We have found that the above objects and attendant advantages may be realized by means of a device or tool which operates on a principle of laterally dividing a selected portion of the well bore into ap'lurality of isolated increments or sections of relatively short length, each of which sections contains a foraminous material which is sensitive with respect 'to the various fiuids produced by the well and/or is capable=of forming an impermeable plug when contacted therewith. The term foraminous fluid-sensitive matelial is herein employed to designate a porous solid which undergoes an observable physical or chemical change when contacted with a well fluid. As is hereinafter more fully pointed out such a material may take various forms. In employing the apparatus of the invention to determine the location of fluidbearing strata it is positioned within the well bore opposite the portion of the formation which is to be investigated, and the well is thereafter allowed to produce until conditions of natural flow are attained. The apparatus is then removed from the well and examination of the fluid-sensitive material in each of the isolated sections will establish the aqueous, oleaginous, or gaseous nature of the well fluid which has entered each of said sections. Since the position which each of said sections previously occupied within the well bore is accurately known, the location of the fluid-bearing strata along the length of the portion of the bore subjected to investigation can accurately be determined. When the device is employed as a plugging tool it may be allowed to remain permanently in the bore, the fluid-sensitive material employed in each section being one which forms an impermeable plug in those sections into which the undesirable fluid has intruded but which remains foraminous in those sections into which only oil has entered. Other means of employing the device of the invention are set forth hereinafter.

In the accompanying drawing which forms a part of this specification: Figure 1 schematically illustrates the operating principle of the device provided by the invention; Figure 2 is' a cross-sectional view of one form which the apparatus may take; Figure 3 is a fragmentary View illustrating how the apparatus of Figure 2 is positioned within the well casing; Figures 4 and 5 are partial cross-sectional views of another form of apparatus within the scope of the invention; and Figures 6 and 7 are partial cross-sectional views of still a third form of the device.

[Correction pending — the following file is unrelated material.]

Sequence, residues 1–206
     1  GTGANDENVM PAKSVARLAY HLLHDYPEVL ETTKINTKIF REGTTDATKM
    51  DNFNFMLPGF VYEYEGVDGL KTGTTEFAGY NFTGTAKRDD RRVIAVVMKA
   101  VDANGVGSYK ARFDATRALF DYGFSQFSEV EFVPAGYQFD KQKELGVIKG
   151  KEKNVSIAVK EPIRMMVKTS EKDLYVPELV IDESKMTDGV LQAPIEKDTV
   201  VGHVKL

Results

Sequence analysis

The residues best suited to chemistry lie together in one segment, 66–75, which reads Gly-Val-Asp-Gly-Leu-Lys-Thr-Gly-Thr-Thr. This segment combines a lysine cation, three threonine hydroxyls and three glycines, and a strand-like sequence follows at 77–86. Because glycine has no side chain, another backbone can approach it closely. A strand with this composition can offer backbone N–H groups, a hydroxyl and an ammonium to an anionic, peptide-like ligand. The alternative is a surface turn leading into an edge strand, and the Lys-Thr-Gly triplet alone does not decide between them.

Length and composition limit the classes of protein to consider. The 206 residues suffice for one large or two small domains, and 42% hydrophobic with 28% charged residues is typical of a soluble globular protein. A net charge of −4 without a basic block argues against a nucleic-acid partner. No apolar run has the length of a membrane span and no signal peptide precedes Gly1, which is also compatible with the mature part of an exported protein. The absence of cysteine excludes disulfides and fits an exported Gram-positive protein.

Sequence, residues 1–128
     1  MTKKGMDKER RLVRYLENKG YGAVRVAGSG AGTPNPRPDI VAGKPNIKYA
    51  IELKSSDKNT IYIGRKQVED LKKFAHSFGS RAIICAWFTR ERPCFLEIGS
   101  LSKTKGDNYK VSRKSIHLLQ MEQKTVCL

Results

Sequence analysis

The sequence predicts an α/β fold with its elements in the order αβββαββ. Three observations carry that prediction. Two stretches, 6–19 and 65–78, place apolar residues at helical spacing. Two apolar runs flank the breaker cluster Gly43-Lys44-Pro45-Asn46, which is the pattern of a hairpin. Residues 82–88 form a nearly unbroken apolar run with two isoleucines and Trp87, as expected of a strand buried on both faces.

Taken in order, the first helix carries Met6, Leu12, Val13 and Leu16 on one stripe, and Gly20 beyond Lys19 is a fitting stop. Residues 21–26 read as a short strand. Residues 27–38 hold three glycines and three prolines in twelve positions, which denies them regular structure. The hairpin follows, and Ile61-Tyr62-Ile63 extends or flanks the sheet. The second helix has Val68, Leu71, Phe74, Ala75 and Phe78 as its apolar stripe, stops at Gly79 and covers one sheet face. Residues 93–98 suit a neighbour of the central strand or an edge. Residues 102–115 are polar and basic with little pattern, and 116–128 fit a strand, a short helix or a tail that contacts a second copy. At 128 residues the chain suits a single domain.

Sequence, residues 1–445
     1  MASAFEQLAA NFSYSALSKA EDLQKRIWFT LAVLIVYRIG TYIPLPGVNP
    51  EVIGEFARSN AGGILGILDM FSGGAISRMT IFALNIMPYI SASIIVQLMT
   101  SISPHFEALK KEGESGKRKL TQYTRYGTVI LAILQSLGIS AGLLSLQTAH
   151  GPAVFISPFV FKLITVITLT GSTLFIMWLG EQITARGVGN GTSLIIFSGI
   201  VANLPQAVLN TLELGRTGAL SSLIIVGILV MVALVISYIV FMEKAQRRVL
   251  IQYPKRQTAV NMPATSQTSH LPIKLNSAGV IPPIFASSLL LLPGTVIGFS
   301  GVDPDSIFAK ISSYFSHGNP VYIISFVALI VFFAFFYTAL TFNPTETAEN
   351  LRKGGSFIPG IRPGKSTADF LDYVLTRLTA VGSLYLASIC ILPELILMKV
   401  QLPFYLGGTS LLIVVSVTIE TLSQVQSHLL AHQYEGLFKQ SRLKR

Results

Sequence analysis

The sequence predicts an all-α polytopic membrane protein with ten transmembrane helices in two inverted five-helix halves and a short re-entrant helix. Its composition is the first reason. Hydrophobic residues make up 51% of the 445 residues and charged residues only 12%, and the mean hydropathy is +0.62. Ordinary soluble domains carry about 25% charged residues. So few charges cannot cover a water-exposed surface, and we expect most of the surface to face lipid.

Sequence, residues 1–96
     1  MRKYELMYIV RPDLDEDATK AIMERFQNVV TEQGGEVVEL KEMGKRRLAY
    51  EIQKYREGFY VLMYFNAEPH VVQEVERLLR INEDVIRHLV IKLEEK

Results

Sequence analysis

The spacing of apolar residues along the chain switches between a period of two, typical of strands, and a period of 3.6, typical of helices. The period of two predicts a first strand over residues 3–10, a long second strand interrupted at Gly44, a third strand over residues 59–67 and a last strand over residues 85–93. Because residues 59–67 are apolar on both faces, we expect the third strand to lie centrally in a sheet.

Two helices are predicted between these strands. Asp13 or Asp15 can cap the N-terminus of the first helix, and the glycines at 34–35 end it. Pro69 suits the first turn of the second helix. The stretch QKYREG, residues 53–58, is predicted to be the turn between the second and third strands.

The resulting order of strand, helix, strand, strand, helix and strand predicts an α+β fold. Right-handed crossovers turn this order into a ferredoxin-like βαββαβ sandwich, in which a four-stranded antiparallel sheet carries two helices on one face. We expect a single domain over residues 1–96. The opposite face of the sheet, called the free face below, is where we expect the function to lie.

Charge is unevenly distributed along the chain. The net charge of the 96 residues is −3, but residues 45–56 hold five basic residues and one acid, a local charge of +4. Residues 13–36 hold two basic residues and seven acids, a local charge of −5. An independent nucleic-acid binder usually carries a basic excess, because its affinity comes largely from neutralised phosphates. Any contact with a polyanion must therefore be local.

Referring now to Figure 1, and with particular reference to use of the device to determine the location of water-bearing strata. Bore hole 10 is shown extending through subterranean formation 11 and traversing waterbearing stratum 12, oil-bearing stratum 13, water-bearing stratum 14 and oil-bearing stratum 15. Well casing 16 is cemented within the bore by means of cement plug 18, and perforations 17 (formed, for example, by conventional gun perforation) extend through the walls of casing 16 and plug 18. The indicating and plugging tool of the invention rests within casing 16 on tool support 16a affixed to the inner wall of casing 16, and consists essentially of a central vertical conduit 19 carrying a plurality of spaced horizontal separators 20 which engage the inner wall of casing 16 at their peripheries forming fluid-tight seals therewith. Central conduit 19 is provided with perforations 21 located between each of separators 2t), and the spaces between said separators is filled with a water-sensitive material 22. As will readily be seen, positioning the device within the casing effects division of the bore hole into a series of isolated vertically stacked chambers or cells, each of which is defined by two of the separators 20, a portion of the inner wall of casing 16, and a portion of the outer wall of central conduit 19. Each of said cells is filled with water-sensitive material 22 and communicates with the formation traversed by the bore via at least one of the perforations 1'7 and with the interior of conduit '19 via at least one of the perforations 21.